Merkel denies any rift with French leader

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German Chancellor Angela Merkel may not have a "bosom friendship" with her French counterpart, she said on Thursday, but her working relationship with François Hollande was strong and crucial for Europe.

With her foreign minister saying Germany must not act with "Teutonic arrogance" towards its eurozone neighbours, Merkel played down criticism she has received from France's ruling Socialists.

"Living in an open society we must have nuances between conflict and bosom friendship. It seems there is nothing between the two – but the reality is different," Merkel told a conference on Europe in Berlin on Thursday (16 May).

Hollande's party last month called Merkel's leadership in the eurozone crisis "self-centred" in a text – later amended – which revealed the depth of hostility in France provoked by her drive for fiscal austerity.

Germany's ruling conservatives have offered steady criticisms of Hollande's inability to reduce the public deficit.

No more 'Merkozy'

But Merkel told an audience of politicians and diplomats she had "a good personal relationship" with Hollande and that relations between Europe's two biggest economies "stand on very strong foundations".

Her close partnership with Hollande's conservative predecessor Nicolas Sarkozy, which led to the pair being dubbed "Merkozy", was a hard act to follow.

But Luxembourg Prime Minister Jean-Claude Juncker, who until recently ran summits of the 17 eurozone states, said media reports about hostile body language between Merkel and Hollande were "laughable".

One year into his term, Hollande's approval ratings are among the worst for a post-World War II leader, while Merkel polls around 60% and is likely to win a third term in a September election.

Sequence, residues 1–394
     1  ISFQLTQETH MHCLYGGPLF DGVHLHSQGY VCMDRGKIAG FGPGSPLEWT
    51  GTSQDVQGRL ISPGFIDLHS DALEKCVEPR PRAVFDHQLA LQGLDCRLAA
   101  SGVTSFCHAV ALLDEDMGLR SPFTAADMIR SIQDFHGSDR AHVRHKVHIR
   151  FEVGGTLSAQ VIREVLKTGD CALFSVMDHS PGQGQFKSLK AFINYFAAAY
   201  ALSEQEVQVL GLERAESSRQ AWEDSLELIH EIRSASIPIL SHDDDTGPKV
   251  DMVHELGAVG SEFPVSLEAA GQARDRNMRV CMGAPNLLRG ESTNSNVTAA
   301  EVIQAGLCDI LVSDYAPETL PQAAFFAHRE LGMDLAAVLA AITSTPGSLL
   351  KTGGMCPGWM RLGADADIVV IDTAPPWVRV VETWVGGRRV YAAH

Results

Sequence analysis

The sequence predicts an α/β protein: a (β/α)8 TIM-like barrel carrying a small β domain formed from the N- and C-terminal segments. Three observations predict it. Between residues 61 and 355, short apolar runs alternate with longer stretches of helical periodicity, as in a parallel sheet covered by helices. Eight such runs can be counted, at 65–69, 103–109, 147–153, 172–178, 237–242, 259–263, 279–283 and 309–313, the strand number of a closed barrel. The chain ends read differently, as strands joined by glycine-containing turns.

While Merkel may not sympathise with his Socialist politics, she knows that the stability of Germany and the eurozone depends on Hollande's success.

Merkel said that she and Finance Minister Wolfgang Schäuble were both "very optimistic" that France would strike the right balance between consolidating its budget and encouraging growth.

"We will not criticise France openly," Schäuble told the conference. "We know that France can do and does do many things better than Germany."

Germany had to avoid acting like a "know-it-all" when giving France advice, he said. Foreign Minister Guido Westerwelle said Germany must beware of acting with "Teutonic arrogance".

France's new centre-left government started work in May last year with pledges to combat excessive austerity but better manage public finances.

In the meantime, French-German relations have appeared strained on several occasions, including at a June 2012 EU summit expected to produce a “calendar for more EU integration” and measures on fiscal discipline and growth.

Other areas where Franco-German division have been apparent include plans for an EU banking union and eurobonds.

  • 22 May: EU energy summit in Brussels
  • 22 Sept.: German national elections

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